I know my next big piece will be Alice in Wonderland themed, maybe with a smattering of Nine Inch Nails lyrics (Trent Reznor is a musical genius), but lately I have been pining after an origamiesque bit of art.  I think this was the piece that inspired this obsession.  Isn’t it beautiful?

This one I like as I really enjoy her sense of humour.  And how sweet is the patterned origami paper?  Ooh it’s all in the detail…I’d go in with a sheet of pretty Japanese printed paper and ask the tattoist to replicate it for me!

My love of foot tattoos has no bounds.  I wish I had more space!  Paper airplanes make me think of that song ‘Leaving on a Jet Plane’, and I always loved that song.  Perhaps it was because I travelled so much as a child?  My dad would have loved one of those baby backpacks everyone seems to have now.

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Wardrobe mess – before and during

My wardrobe is in a terrible state, I’ve let it slip into a state of chaos and it’s time to sort things out.

I’ve been inspired by all the beautiful organised havens out there in blogland, and though I’m nowhere near finished, at least everything is hung up or folded!  This is a mission and a half…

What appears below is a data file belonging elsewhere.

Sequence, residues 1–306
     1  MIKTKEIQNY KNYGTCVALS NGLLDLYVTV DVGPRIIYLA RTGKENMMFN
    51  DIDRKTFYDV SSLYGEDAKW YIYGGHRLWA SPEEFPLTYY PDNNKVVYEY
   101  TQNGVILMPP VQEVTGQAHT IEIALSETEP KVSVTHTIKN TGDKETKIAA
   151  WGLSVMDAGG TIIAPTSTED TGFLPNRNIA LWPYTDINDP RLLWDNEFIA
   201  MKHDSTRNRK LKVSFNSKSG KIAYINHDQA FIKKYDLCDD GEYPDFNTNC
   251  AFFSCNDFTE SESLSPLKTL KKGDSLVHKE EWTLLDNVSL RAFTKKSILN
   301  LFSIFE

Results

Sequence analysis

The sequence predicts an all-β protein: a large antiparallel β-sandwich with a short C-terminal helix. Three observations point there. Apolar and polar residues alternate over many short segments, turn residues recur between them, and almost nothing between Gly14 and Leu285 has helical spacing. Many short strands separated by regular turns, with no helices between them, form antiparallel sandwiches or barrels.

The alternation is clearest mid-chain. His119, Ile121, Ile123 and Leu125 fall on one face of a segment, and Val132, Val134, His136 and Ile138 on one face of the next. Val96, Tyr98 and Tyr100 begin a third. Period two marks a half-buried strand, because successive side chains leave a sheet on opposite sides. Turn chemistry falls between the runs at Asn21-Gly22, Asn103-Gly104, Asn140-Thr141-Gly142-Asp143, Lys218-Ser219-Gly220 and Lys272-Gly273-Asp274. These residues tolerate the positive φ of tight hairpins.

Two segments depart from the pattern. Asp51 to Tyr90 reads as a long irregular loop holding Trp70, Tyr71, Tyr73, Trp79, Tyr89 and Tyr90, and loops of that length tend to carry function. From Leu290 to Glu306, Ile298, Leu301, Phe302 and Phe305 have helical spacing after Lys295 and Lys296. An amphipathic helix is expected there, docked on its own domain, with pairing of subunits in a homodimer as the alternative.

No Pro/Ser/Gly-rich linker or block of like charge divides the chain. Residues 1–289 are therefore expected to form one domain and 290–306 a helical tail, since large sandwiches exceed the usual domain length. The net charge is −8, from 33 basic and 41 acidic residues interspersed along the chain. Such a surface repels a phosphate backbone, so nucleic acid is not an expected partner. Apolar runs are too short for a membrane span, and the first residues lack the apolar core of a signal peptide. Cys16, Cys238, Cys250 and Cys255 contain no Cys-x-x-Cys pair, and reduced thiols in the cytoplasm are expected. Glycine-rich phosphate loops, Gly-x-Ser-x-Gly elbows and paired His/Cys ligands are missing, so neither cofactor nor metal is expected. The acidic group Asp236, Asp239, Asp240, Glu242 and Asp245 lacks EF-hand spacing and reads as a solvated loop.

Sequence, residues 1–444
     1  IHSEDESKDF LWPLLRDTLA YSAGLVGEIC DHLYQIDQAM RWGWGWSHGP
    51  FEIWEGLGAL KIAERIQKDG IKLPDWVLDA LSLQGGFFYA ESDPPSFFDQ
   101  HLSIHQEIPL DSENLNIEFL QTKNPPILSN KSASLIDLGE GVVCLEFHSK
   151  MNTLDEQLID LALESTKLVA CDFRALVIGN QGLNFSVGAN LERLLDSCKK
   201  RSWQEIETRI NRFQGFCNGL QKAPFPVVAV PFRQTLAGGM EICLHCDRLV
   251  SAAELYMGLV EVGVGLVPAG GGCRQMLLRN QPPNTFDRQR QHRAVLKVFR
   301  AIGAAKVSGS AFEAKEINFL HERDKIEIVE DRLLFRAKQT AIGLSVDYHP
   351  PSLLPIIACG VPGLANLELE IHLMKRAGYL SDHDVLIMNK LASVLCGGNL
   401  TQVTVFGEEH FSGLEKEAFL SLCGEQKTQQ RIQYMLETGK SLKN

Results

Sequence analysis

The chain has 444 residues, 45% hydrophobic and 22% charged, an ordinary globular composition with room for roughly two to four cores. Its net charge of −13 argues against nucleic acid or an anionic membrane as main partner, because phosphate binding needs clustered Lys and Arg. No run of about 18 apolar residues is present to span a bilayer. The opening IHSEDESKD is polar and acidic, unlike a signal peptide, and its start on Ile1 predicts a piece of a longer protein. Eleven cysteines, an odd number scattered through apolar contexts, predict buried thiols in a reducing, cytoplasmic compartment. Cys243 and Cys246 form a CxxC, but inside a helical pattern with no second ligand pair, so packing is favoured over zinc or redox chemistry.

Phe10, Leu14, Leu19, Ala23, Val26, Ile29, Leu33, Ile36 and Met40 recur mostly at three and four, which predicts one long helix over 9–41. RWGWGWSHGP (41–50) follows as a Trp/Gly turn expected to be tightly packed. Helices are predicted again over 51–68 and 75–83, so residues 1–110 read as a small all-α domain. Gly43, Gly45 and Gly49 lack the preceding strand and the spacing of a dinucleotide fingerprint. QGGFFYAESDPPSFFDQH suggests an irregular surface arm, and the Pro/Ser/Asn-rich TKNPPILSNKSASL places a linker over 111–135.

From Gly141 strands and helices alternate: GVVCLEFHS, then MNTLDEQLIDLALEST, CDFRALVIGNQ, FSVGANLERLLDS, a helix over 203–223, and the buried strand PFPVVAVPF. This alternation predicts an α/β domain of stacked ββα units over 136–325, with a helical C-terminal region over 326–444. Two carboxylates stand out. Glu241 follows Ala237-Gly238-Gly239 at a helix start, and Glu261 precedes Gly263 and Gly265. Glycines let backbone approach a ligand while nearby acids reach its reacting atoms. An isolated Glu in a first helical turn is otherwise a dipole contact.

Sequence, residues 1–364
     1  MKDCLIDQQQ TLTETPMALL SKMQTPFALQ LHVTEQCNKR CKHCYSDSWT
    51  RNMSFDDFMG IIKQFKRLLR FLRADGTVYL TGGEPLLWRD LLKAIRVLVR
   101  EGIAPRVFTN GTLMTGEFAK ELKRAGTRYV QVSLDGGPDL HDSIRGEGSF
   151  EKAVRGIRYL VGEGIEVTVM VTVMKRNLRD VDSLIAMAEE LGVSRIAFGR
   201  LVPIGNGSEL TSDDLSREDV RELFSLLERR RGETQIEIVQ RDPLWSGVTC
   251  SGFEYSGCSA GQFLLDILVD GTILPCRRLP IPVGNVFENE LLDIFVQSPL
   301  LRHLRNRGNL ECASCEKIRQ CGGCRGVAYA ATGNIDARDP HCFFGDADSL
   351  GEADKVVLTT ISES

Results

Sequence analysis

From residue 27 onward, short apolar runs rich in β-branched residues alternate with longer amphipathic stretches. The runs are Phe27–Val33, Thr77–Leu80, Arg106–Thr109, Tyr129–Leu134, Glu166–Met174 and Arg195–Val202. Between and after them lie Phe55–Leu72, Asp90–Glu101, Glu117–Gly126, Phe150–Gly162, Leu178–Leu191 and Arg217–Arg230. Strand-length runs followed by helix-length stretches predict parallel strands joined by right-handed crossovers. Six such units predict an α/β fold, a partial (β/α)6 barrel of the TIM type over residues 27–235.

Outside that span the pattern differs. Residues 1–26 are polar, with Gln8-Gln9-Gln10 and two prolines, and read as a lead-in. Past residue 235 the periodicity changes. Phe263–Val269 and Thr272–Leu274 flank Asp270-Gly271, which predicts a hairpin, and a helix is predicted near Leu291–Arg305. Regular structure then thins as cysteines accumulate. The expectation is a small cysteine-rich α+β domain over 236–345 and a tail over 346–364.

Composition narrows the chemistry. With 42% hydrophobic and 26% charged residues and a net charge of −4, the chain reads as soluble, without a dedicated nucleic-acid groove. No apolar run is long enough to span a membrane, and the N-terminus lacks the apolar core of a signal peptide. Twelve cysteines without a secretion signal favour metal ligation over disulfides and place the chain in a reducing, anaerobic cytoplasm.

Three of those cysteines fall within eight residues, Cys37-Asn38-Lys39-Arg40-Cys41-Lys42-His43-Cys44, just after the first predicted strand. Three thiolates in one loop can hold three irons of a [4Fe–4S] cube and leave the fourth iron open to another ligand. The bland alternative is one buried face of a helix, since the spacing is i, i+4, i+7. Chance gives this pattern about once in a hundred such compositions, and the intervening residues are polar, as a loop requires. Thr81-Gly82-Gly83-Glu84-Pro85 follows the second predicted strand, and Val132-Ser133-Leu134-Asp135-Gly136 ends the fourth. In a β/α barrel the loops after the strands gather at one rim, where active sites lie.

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Sloe gin

I made sloe gin for the first time today! It’s a drink that reminds me of summer, which is perfect as it shall be ready to drink (in 18 months time) in May 2013…

I have to say, this is the first time I’ve preserved without the instant gratification of jam. There’s something nice about having something lovely to look forward to in a year and a half, and I finally have something I can genuinely ‘save for later’. The recipe I used was a loose interpretation of Hugh Fearnley Whittingstall’s version, though as I had slightly more gin than his called for, I just used a bit more sugar and a few more sloes.


Sloe Edinburgh Gin

500g sloes

500g golden caster sugar